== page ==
Organic Farming

We LOVE Weeds…

Most of us don’t like weeds in our gardens or farms, and once we see the weeds we always think about quick ways to get rid of them. This is because most of us are not aware of the great benefits that weeds can add to the soil and environment.

Therefore, it is advisable for every farmer or gardener to know the beneficial and dangerous weeds so that they can get rid of the bad weed and leave the beneficial one.


Below are some of the benefits of good weeds to your soil:

It protects the topsoil

Weeds like surges, chickweed, purslane, lamb’s quarters and ragweed are very important. They help in protecting the topsoil from being washed away by rainwater or blown away by the wind.

It brings up nutrients and water

Prickly lettuce, dandelions, wild amaranths, nightshades and more are weeds that have strong roots which can go deep into the ground. Weeds that have deep taproot can be essential for your garden; this is because they can help to bring nutrients from areas where many plants may not reach.DSC_0685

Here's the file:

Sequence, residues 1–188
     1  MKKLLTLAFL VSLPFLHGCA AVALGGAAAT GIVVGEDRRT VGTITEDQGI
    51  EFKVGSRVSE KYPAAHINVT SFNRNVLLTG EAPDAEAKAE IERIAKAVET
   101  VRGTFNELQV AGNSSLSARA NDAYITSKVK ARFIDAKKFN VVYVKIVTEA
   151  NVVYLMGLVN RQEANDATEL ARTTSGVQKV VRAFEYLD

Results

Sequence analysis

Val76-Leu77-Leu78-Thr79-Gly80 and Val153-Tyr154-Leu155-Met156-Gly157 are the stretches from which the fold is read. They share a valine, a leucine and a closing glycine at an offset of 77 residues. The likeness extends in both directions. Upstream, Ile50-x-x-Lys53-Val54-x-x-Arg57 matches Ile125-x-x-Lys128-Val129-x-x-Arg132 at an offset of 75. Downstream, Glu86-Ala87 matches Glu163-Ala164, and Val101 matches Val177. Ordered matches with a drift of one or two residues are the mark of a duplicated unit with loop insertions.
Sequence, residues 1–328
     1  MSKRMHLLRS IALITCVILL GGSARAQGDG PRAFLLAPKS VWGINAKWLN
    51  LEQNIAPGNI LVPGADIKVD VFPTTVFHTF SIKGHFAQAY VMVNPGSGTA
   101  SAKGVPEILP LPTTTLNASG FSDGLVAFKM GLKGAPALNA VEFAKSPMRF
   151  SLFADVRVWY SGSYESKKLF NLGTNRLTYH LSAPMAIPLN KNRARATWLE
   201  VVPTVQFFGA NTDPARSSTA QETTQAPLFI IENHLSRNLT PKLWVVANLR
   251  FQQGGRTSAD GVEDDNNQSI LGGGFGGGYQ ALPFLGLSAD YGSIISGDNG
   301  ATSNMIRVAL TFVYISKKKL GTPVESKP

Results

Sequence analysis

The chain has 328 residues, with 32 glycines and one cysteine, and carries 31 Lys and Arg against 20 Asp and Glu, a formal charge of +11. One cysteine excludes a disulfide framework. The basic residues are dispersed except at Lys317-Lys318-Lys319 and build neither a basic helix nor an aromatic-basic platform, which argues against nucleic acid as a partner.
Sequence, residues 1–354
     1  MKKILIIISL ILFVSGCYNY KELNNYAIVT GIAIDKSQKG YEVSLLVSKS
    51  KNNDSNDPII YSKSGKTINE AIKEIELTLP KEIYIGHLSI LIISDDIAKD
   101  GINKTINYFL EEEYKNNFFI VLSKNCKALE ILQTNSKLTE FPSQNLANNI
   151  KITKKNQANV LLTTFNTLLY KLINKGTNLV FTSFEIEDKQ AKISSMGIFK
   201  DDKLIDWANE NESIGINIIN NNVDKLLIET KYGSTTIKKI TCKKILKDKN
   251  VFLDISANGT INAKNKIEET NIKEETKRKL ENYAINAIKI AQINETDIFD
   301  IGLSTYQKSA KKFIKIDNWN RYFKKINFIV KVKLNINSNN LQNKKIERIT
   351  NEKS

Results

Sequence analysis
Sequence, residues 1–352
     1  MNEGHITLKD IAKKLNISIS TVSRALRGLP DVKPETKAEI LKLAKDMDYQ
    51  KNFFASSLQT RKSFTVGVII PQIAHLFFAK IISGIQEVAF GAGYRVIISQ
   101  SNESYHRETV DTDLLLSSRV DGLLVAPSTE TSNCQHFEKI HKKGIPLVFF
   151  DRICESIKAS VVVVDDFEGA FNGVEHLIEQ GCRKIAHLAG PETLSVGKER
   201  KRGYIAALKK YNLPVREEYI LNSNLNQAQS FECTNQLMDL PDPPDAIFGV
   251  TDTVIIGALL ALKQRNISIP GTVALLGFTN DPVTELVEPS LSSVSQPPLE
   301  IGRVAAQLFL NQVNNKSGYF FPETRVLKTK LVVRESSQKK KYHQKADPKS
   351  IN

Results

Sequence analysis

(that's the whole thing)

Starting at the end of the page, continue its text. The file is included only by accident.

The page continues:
It is a good idea to compost the weeds on the soil because the nutrients absorbed by the weeds will be eventually be passed on other plants in your garden or farm. Weeds may also help to absorb metals hence stop erosion and add nutrients to your soil.

Weeds attract essential insects and drive away pests

Weeds like dandelion and goldenrod may help keep away pests like armyworms. And lamb’s quarters and rosa multiflora weeds will help by driving away insects like leaf miners and the Japanese beetles that may feed on your plants.

Dandelions and pennycress are very important to the soil because they play a critical role in attracting useful insects. Clover is another weed that can be used to attract earthworms to the soil, and at the same time, it can be used to scare way pets, including rabbits.DSC_0046

We also have weeds like amaranth, evening primrose, dandelions, wild mustard and Queen Anne’s lace that help to attract good insects and eliminate bad ones by feeding on them.


Categories: Organic Farming

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